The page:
Protein chemists at Johns Hopkins report they are closer to explaining why certain blood cancers are able to crack a molecular security system and run rampant.
In a detailed description of their discoveries in lab-grown human cells published in two companion papers in the Journal of Biological Chemistry on April 15, the investigators offer evidence that mutations in cancerous lymphoma cells break through not one but four "locks" on the protein CARD11.
"A lot of the immune system's signaling proteins have a lock built into them to prevent miscommunication with other proteins," says Joel Pomerantz, Ph.D., associate professor of biological chemistry at the Johns Hopkins University School of Medicine and a member of the Johns Hopkins Kimmel Cancer Center. "This is the first one we know of that has four locks."
A few years ago, Pomerantz says, doctors learned that "rogue" or mutated CARD11 proteins are found in about 10 percent of people with the activated B cell-like (ABC) subtype of diffuse large B-cell lymphoma (DLBCL). When his laboratory set out to understand why and how the molecular "lock" that normally keeps CARD11 proteins in check fails, they discovered not one but four separate locks in operation.
Usually, when surveillance cells of the immune system encounter an invading bacterium or virus, they chew it up and display pieces of the invader on their outer membranes like a "wanted" poster to alert the rest of the immune system, including T and B cells that can launch an attack against the invader. Pomerantz's group previously found that the protein CARD11 is locked in an "off" position in T and B cells until they detect these wanted posters. CARD11 then unlocks so that it can connect with other signaling proteins that command the body's army of T and B cells to multiply to fight the infection.
But sometimes, he says, mutations in the protein effectively unlock CARD11 so that it ramps up the body's white blood cell supply when no infection is present. "Unsurprisingly," he says, "these mutations are sometimes found in patients with lymphoma," particularly in the ABC subtype of DLBCL. "Surprisingly," he adds, "none of the mutations exist in the lock region of CARD11, and we wanted to know why."
In an effort to solve that puzzle, Pomerantz and his team, working with human, lab-grown T cells, first genetically deleted CARD11's "lock," or autoinhibitory domain, so that the protein was always "on" and signaling. Then, to figure out which region of the lock accounted for its function, the team systematically deleted six different segments of it one at a time, rather than deleting the whole thing, expecting most of the deletions to keep CARD11 locked and one or two to unlock it.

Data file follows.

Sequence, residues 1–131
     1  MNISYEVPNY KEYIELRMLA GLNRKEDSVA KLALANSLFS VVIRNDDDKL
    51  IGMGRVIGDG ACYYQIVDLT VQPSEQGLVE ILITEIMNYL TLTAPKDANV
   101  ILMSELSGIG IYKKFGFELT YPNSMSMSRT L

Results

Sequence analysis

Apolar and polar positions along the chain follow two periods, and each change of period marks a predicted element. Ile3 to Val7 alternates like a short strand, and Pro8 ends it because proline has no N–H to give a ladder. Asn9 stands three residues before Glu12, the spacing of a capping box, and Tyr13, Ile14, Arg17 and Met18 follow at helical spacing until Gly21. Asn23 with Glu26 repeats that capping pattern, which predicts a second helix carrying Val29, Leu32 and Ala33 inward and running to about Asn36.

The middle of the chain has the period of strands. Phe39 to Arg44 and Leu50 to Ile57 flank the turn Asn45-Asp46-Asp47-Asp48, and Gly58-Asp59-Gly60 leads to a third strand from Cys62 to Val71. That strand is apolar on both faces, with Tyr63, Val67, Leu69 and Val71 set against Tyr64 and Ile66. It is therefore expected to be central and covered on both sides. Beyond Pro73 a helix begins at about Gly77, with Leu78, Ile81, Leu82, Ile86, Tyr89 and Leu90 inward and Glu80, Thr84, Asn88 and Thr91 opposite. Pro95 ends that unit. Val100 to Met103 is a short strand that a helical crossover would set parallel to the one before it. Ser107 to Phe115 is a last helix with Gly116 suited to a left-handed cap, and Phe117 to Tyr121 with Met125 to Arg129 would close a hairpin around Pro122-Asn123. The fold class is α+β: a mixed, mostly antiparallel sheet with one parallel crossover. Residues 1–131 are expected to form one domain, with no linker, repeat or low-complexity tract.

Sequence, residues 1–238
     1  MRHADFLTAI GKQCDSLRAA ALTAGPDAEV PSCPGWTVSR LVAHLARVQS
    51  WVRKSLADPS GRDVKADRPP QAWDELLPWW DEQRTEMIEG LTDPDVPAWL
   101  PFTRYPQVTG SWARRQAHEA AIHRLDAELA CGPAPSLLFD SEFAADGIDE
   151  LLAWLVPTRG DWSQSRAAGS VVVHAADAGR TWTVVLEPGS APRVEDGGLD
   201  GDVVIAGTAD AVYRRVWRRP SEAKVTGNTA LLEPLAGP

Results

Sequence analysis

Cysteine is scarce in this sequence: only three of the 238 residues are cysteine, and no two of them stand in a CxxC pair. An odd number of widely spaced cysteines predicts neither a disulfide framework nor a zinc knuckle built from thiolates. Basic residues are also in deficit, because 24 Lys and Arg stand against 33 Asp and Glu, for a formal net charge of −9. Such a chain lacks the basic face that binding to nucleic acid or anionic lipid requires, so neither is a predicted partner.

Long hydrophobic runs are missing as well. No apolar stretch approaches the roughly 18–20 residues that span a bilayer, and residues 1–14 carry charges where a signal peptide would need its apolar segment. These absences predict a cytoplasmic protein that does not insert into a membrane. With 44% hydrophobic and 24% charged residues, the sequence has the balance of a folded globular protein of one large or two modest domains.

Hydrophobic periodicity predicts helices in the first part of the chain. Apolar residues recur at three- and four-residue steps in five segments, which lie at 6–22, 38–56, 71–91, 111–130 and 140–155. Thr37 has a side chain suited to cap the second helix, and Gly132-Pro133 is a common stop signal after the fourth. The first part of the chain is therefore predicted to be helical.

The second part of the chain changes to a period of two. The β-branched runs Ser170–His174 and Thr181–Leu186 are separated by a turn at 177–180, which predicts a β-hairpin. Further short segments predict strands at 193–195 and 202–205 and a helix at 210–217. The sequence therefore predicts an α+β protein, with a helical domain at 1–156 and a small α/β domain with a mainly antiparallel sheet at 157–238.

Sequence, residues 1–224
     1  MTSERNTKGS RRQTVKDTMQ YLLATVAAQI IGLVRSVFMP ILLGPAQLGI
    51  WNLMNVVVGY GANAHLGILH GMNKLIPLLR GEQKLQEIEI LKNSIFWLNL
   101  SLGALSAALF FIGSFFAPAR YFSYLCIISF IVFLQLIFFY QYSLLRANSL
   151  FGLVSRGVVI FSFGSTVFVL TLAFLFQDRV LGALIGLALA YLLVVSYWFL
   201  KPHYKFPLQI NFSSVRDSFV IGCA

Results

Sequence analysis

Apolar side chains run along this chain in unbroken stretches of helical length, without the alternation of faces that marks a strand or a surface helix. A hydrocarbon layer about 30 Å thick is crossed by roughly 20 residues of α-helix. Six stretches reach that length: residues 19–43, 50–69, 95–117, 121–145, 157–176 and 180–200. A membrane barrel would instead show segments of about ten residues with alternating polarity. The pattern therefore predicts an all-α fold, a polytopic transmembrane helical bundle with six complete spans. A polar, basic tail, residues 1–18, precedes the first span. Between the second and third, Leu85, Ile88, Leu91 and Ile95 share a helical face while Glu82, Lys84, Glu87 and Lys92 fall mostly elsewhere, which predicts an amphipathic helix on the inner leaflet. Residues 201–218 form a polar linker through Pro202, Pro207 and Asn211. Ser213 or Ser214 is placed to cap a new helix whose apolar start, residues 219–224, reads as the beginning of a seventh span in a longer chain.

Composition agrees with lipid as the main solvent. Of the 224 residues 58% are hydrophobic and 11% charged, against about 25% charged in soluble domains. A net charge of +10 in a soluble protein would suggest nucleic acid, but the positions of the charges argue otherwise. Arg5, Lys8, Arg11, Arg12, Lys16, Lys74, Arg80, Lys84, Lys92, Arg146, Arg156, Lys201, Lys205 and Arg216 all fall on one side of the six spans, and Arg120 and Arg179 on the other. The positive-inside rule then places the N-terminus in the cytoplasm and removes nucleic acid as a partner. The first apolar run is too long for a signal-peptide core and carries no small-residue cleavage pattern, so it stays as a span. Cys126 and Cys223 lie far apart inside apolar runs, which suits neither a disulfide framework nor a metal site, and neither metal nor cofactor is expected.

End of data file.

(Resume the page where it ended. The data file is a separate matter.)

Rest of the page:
Instead, Pomerantz says, none of the deletions unlocked it, suggesting there was more than one lock within the autoinhibitory domain.
To see if that was the case and to find out how many locks there might be, the team deleted the full autoinhibitory domain again, then added back small regions of it, one and two at a time. Doing so, they pieced together the presence of four different biochemical regions that are each capable alone of locking CARD11, which they dubbed "repressive elements."
"Having four redundant repressive elements seems to explain why patients with lymphoma don't have mutations in CARD11's autoinhibitory domain," says Pomerantz. "A mutation in any one of the repressive elements would only unlock one of the four locks, keeping CARD11's signaling under the control of the other three."
So where do the lymphoma-associated mutations occur, and how do they circumvent CARD11's quadruple locks? Clinical data show that the mutations occur in three other regions of CARD11, called the CARD, LATCH and coiled-coil regions. Biochemical tests done by Pomerantz's team on human T cells showed that those three regions clasp the autoinhibitory domain to keep CARD11's activity on lockdown. This makes sense, says Pomerantz, because CARD11 uses those same regions to connect with other signaling proteins to send its message. "When they are interacting with the autoinhibitory domain, they can't be interacting with other proteins," he says.
According to Pomerantz, single mutations in the CARD, LATCH or coiled-coil regions appear to be sufficient to disable the protein's four safety locks and the ultimate goal is to advance the development of therapies that rein in hyperactive CARD11 in patients with lymphoma. "If we can understand how CARD11 is normally kept off, we might be able to mimic that with a drug," he says. "We also hope to shed light on how different mutations in CARD11 affect its function and a patient's prognosis."
Other authors of the report include Rakhi Jattani and Julia Tritapoe of the Johns Hopkins University School of Medicine.
This work was supported by grants from the National Cancer Institute (R01CA177600), the Johns Hopkins University Institute for Cell Engineering, and the Leukemia and Lymphoma Society.